The Doctor Is In: Tuitt Likely To Miss 1 Or 2 Games After Biceps Injury

A mere 2 plays into the 2017 season, Pittsburgh Steelers DE Stephon Tuitt’s day was done.  Fresh off signing a contract extension worth $14 million guaranteed this season, the former 2nd round draft pick was looking forward to a monster season.  Instead, it looked like his season might be over…if you believe Adam Schefter.  A couple of twitter doctors (myself included) felt more optimistic, and I’ll explain why in a minute.

On the second play of the game, Tuitt dodged a TE with a blocking assignment to chase Browns RB Isaiah Crowell out of bounds, grabbing him with both arms but not actually tackling him.  As the defender slowed at the end of the play, he grabbed his upper right arm.  Tuitt didn’t report hearing a popping noise and described it as “my arm kind of went numb from just flicking it out a little bit.”

Here’s the play, and you can see that nothing all that dramatic occurs:

Trainers suspected a biceps injury and held him out for the rest of the game as a precaution.

After a night of dread, Steelers fans heard good news from defensive captain Cameron Heyward, who first tweeted “Fake news” and later claimed that the injury would not be season-ending.  This was confirmed by Coach Mike Tomlin at his weekly press conference today, describing the injury as “day-to-day” and said that it’s even possible that Tuitt could play this Sunday when the Steelers host the Vikings for their home opener.  The head coach acknowledged, of course, that it would depend on function, strength, and Tuitt’s ability to play effectively.

So what really happened to Tuitt and what does it mean for his recovery and return to play?  The team has referred to his injury as a biceps injury, which is a pretty vague term.  At his presser today, Tomlin added no detail.  Nothing has been said about the MRI results from Monday other than everything is “pretty good” and “better than it could have been”.  So as always, I will be doing a little educated speculation here.


The shoulder is a ball-and-socket joint, with the head of the humerus (the upper bone in the arm) sitting in a rounded space in the scapula (shoulder blade).  Several muscles and tendons keep those bones in the correct orientation both at rest and when moving.  These tissues form the rotator cuff.

The biceps muscle runs from the shoulder to the forearm just below the elbow.  The upper end has two heads, each with a tendon.  The long head attaches to the socket of the shoulder joint, and the short head attaches to the coracoid process (a bony prominence of the scapula).  The distal biceps tendon attaches near the elbow to the radius, one of the forearm bones.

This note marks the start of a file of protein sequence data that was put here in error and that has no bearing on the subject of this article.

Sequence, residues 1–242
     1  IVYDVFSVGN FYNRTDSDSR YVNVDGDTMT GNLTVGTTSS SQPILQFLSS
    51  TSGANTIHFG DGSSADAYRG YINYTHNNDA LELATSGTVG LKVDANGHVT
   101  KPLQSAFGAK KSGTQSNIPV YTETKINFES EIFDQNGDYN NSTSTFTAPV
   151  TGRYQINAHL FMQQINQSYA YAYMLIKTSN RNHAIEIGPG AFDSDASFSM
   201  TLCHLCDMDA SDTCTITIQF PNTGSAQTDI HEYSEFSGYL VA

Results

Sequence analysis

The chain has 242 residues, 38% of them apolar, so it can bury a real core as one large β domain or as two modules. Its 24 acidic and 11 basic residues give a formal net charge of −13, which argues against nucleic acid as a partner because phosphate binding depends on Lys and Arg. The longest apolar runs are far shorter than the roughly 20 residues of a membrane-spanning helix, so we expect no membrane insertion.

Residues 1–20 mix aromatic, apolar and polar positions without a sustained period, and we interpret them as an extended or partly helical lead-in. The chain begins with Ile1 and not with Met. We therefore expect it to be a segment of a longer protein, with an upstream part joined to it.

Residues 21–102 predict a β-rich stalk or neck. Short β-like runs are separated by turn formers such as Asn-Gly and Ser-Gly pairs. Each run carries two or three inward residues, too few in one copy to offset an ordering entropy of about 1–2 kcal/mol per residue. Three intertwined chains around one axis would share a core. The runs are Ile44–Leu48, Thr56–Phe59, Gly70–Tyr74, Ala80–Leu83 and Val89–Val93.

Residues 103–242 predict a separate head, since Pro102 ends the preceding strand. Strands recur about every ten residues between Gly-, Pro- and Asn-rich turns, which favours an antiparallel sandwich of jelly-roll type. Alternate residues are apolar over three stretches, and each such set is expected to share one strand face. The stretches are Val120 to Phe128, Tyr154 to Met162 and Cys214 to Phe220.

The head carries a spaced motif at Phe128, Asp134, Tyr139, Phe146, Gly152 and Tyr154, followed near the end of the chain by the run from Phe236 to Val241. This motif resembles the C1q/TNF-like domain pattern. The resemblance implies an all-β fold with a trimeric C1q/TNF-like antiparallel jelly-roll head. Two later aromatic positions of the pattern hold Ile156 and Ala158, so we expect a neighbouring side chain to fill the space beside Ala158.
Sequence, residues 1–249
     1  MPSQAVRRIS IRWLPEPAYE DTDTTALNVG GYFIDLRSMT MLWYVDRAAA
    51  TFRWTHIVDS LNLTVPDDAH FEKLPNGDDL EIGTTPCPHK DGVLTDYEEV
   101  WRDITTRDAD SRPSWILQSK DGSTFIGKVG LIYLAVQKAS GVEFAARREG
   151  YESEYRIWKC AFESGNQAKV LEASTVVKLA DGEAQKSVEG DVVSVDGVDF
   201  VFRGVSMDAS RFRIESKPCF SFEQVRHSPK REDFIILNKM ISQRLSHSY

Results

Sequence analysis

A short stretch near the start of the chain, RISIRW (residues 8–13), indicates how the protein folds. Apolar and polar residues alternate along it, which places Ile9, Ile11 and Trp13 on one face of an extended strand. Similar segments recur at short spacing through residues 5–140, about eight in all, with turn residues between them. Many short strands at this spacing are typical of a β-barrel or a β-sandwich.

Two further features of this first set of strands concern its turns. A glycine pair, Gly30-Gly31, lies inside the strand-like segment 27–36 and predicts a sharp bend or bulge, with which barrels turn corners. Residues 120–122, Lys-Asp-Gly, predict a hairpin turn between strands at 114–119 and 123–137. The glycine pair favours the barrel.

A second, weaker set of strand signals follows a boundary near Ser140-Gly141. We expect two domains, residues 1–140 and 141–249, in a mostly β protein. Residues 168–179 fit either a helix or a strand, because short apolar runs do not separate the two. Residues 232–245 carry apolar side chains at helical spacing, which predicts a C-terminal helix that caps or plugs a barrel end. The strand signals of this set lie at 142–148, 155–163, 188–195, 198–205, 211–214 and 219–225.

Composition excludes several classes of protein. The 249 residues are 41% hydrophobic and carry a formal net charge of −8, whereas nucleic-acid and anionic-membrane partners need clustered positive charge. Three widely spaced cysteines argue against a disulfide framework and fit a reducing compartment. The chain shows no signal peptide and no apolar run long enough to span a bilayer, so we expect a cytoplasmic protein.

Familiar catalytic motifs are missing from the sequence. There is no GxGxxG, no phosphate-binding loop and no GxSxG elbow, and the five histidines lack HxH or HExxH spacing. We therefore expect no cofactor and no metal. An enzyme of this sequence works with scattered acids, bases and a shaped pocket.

The biceps muscle helps to flex, or bend, the arm, as well as rotate it (supination, which is moving the arm from the palm up to the palm down position).


Biceps tendon tears can be partial or complete (where the tendon is totally detached).

Proximal tears are much more common, and usually it is the long head of the biceps tendon that tears because it is more vulnerable as it passes through the shoulder joint.  Fortunately, the short head of the biceps tendon rarely tears.  And if one of the heads of the proximal biceps tendon remains intact, the biceps muscle can function to some degree and often with only a minor decrease in strength.

Distal biceps tears are far less common and are usually complete tears.


With both proximal and distal tendon tears, a “pop” can sometimes be heard.  This would typically indicate a complete tear.  Sudden, sharp pain is the next thing a player might notice.  Bruising on the front of the arm, cramping of the biceps muscle with use, and weakness in the shoulder and elbow are also common, as well as difficulty turning the arm from palm up to down.

Visually, a deformity in the muscle can be seen with a complete tear.  If the proximal tendon is torn, the muscle mass is displaced further down the arm with a dent just below the shoulder where the muscle is no longer in position.  This is known as the “Popeye Muscle”:


If the distal tendon is torn completely, the muscle retracts up the arm, forming a bulge closer to the shoulder:



Initial treatment, like so many other orthopaedic injuries, includes ice, NSAIDs, rest, and physical therapy.  A tear of the long head of the biceps tendon often does not require surgery.  If pain or weakness persists, than a repair is recommended.  This can often be done arthroscopcially (small incisions and a telescope).  The goal is to anchor the tendon back onto the bone.  A distal biceps tendon rupture does require surgical repair.


Let’s take a closer look, or as close as we can.  The cameras never showed the trainers working with Tuitt on the sideline, but thanks to Rich Walsh of KDKA, we have a video of Stephon welcoming his teammates into the locker room after their win over the Browns.  If you look at Tuitt’s left arm after he turns to his right side in the hallway, you can see that his bicep muscle looks normal and isn’t displaced proximally or distally.  Yeah, his arm is hanging at his side, but he isn’t wearing a brace or a sling.  In addition to that, one of the beat reporters commented that Tuitt was seen leaving the locker room holding his duffel bag with his left hand that day.  All of those factors suggest a lesser injury rather than one that would land a player on IR.

In addition to that, we have examples of NFL players, particularly defensive tackles and linebackers, that were able to return to play fairly soon after sustaining a biceps injury: